Coordinated-Transitional Care Program (C-TraC)

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About the C-TraC Program

The Coordinated-Transitional Care (C-TraC) program is a low-resource, registered nurse telephone-based initiative that was developed and tested in the William S. Middleton Memorial Veterans Hospital in response to the Affordable Care Act’s call to disseminate effective and cost-efficient transitional care programs that improve patient safety and post-discharge outcomes. C-TraC aims to address the added difficulties of caring for a widely dispersed patient population with high rates of dementia and other high-risk conditions.

It was developed by researchers and clinicians at the University of Wisconsin-Madison School of Medicine & Public Health and the Geriatrics Research, Education and Clinical Center (GRECC) at the William S. Middleton Memorial VA Hospital (Principal Investigator: Amy J.H. Kind, MD PhD).

Highlights of the C-TraC Program Toolkit

  • An overview of barriers to providing high quality transitional care.
  • Core components of the C-TraC Program protocol.
  • A step-by-step guide to executing the C-TraC Program protocol.
  • An overview of common challenges to the C-TraC Program.

COMPASS as a Module of C-TraC

COMPASS is a low-resource, protocol-driven, registered nurse initiative that was developed as a module of the VA Coordinated-Transitional Care (C-TraC) Program. While C-TraC provides transitional care services to patients discharged from hospital to home, it was not developed to support hospital to nursing home transitions. COMPASS fills this gap, supporting patients discharged to nursing homes by incorporating patient and caregiver education empowerment that C-TraC utilizes, while ensuring high quality, bi-directional system-to-system communication between the hospital and nursing home. Existing C-TraC programs can incorporate COMPASS protocols into their operations with transitions of care staff already in place.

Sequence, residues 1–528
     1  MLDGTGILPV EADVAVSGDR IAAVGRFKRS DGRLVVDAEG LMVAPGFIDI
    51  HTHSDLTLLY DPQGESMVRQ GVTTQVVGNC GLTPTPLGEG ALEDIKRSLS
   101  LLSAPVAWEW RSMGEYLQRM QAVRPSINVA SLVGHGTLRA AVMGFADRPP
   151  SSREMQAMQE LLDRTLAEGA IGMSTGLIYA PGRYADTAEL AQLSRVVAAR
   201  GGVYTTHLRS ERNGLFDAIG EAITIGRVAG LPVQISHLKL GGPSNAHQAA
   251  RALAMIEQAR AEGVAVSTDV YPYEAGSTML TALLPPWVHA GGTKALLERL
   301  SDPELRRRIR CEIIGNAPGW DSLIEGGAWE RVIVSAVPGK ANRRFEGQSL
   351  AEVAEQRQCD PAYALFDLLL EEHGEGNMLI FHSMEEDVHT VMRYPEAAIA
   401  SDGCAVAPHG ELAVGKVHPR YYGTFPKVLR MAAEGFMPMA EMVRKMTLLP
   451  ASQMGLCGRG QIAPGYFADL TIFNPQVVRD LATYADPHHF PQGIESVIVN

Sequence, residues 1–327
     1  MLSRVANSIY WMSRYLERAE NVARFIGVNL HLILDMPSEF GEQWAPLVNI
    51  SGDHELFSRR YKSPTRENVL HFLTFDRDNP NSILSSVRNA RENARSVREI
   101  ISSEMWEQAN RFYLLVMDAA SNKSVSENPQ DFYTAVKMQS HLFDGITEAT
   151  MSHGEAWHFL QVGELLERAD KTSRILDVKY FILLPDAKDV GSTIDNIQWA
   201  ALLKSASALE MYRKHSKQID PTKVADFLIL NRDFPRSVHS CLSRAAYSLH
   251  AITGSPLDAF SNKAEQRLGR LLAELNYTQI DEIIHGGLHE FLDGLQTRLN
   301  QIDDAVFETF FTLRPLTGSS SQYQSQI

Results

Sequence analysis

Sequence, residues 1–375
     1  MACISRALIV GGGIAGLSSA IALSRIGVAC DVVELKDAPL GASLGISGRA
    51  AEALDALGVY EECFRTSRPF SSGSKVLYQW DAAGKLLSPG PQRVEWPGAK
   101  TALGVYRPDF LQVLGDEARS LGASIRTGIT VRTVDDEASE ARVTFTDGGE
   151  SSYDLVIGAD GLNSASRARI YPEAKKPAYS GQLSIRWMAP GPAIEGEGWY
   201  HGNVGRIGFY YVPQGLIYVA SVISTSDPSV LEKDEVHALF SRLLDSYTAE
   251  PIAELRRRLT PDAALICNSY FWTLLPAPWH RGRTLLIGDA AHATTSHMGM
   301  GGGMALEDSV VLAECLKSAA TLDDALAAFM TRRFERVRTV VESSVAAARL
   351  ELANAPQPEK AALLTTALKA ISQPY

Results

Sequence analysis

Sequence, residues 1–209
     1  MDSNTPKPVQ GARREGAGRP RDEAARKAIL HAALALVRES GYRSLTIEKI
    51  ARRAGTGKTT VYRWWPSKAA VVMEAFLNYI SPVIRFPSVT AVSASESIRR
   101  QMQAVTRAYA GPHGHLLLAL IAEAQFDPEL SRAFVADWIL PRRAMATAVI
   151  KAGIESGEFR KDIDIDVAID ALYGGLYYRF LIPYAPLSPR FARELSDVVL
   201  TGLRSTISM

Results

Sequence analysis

Who should use this toolkit?

This toolkit is designed to help both clinicians and researchers execute the C-TraC Program protocol. This toolkit is intended for clinicians (nurses, pharmacists, physicians), quality and safety professionals, and researchers.


This project was supported by a VA Transformation-21 Grant, a Veterans Health Administration Office of the Assistant Deputy Under Secretary for Health (ADUSH) for Policy and Planning Grant, and by a National Institute on Aging Beeson Career Development Award (K23AG034551, National Institute on Aging, The American Federation for Aging Research, The John A. Hartford Foundation, The Atlantic Philanthropies and The Starr Foundation).  Additional support was provided by the University of Wisconsin School of Medicine and Public Health’s Health Innovation Program, and the Community-Academic Partnerships core of the University of Wisconsin Institute for Clinical and Translational Research (UW ICTR), grant 1UL1RR025011 from the Clinical and Translational Science Award (CTSA) program of the National Center for Research Resources, National Institutes of Health.


Toolkit Citation

Kind AJH. The Department of Veterans Affairs Coordinated-Transitional Care (C-TraC) Program Toolkit. Madison, WI: Madison VA Geriatric Research and Clinical Centers (GRECC) and the UW Health Innovation Program; 2012. Available from:

C-TraC Toolkit Profile on AHRQ Innovations Exchange

The VA C-TraC program is profiled in the Agency for Healthcare Research and Quality’s Health Care Innovations Exchange, a web-based program designed to support health care professionals in sharing and adopting innovations that improve health care quality. View the C-TraC profile by clicking the button below.

About the Developer

Amy KindAmy Kind, MD, PhD is a Professor in the University of Wisconsin – Madison Department of Medicine, Division of Geriatrics and Gerontology. Dr. Kind directs the VA Coordinated-Transitional Care (C-TraC) program in the Madison VA Geriatrics Research, Education, and Clinical Center (GRECC) and co-directs the Madison VA GRECC Memory Assessment Clinic. Her research focuses on patient safety during transitions between health care settings, particularly for highly vulnerable older adult populations.

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